Natalia Osipova in Alastair Marriott's ConnectomeThe next piece, Alastair Marriott’s slow, dreamy, new Connectome, is close to half that length, but feels just as long. Marriott and omnipresent choreographic collaborator Jonathan Howells are Royal Ballet through and through, both still character dancers with the company they’ve served for over twenty years. Connectome plays just right for this space and these dancers: safe, rather than heart-stopping. Its contemporaneity still elegantly classical (a key position is an attitude ouvert en plié, its soft curves like a straight arabesque reflected in the bowl of a silver spoon), it uses a delicate Arvo Pärt score with chamber ensemble (no nasty recorded photocopier noises), and it puts that beefy ROH budget to good use with complex and beautiful digital video backdrops by Luke Halls. Waves of shimmering light, and tendrilly clouds of ganglia interact with a forest of white poles (pictured above left with Natalia Osipova): it’s all about connections in the brain, apparently, but then isn’t everything these days?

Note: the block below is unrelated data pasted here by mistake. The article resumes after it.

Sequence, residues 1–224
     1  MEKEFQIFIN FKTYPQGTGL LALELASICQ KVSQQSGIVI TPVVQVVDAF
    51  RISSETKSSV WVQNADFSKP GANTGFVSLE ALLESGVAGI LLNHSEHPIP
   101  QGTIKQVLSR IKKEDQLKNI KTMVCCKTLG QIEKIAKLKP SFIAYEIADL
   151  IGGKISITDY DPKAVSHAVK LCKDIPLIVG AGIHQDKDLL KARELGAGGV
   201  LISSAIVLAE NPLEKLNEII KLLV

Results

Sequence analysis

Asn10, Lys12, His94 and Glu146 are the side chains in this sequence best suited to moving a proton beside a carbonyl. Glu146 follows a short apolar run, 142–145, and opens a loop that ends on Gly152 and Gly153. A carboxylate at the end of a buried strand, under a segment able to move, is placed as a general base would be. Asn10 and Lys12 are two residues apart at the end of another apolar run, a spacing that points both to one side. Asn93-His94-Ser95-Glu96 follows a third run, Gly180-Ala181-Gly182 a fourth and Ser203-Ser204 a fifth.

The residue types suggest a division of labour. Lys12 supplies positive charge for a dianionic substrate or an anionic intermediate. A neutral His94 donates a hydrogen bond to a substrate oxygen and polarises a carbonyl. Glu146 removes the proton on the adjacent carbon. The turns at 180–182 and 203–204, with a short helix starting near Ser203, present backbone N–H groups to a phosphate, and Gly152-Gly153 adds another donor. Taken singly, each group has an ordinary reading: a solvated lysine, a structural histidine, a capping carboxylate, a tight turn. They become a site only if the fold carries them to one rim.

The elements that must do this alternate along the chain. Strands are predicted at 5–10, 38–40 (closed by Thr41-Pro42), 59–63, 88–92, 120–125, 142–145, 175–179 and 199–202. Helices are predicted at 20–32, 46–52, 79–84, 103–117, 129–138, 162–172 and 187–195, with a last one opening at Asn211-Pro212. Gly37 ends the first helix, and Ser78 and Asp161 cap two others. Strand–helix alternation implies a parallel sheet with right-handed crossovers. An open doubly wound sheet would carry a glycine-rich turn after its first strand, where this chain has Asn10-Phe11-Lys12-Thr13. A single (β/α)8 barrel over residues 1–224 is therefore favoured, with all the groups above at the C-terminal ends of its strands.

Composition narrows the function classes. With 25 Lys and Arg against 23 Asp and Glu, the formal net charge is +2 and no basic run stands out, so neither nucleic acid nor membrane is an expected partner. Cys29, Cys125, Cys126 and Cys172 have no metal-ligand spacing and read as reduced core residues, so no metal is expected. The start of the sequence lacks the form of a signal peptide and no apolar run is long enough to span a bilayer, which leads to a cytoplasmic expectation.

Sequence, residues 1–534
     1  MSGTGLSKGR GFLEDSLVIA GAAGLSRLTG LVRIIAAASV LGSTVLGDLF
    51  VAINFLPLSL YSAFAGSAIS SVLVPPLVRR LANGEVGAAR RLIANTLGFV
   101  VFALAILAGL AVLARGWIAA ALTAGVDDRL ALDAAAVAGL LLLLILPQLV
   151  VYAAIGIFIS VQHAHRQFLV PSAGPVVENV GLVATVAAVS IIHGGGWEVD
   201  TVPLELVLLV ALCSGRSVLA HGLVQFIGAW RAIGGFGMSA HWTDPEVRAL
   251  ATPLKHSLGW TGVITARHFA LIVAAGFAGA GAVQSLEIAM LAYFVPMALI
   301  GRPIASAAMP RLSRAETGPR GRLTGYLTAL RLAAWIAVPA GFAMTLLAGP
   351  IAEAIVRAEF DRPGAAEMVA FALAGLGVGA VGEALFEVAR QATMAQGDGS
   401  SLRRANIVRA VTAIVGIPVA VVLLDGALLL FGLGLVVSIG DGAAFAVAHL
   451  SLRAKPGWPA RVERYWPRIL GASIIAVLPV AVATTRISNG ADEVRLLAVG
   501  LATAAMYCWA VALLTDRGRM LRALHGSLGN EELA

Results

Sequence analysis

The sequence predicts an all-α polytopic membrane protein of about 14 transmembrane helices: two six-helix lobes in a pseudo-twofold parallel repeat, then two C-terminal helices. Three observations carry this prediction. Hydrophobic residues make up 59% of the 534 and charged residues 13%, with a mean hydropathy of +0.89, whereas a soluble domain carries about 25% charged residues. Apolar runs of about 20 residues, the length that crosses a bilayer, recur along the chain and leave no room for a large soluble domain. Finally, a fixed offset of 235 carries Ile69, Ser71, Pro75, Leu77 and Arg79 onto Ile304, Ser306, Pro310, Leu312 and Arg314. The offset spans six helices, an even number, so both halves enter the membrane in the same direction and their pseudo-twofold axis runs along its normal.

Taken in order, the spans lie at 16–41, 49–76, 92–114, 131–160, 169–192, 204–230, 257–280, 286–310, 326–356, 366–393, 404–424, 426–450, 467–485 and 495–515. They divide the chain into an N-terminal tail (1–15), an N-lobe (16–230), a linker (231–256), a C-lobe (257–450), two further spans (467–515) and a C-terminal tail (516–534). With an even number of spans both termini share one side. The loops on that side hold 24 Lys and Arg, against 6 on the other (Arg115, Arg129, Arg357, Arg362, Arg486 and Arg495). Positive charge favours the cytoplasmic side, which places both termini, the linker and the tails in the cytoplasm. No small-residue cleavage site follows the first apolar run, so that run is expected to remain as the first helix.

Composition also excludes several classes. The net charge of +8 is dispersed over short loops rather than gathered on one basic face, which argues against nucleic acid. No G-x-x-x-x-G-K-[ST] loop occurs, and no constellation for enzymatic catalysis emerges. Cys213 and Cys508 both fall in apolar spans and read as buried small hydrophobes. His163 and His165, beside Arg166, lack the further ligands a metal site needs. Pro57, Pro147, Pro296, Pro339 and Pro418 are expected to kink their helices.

Connections between dancers matter more: Osipova, McRae and Edward Watson (the first cast) have more of this than Sarah Lamb, Alexander Campbell and Ricardo Cervera, and both trios are arguably upstaged by the quartet of muscular young-blood males that serves for a corps, and is given unusually soft, feminine shapes along with its all-boy big leaps. Interesting shapes are a Marriott speciality – several finishing poses are photo-memorable – and those in the dancers’ bodies interweave pleasingly with those in the set and video design (the giant choirboy face excepted, which both nights distracted me entirely from the first minutes of a crucial pas de trois). Connectome actually grew on me on second viewing, even with the far less charismatic male leads. Whether it’s of sufficient quality to be kept in a repertoire that includes plenty of cool, lyrical contemporary pieces already is another matter, but I would certainly rather watch it than Tetractys, this year’s other digital-meta-contemporary offering.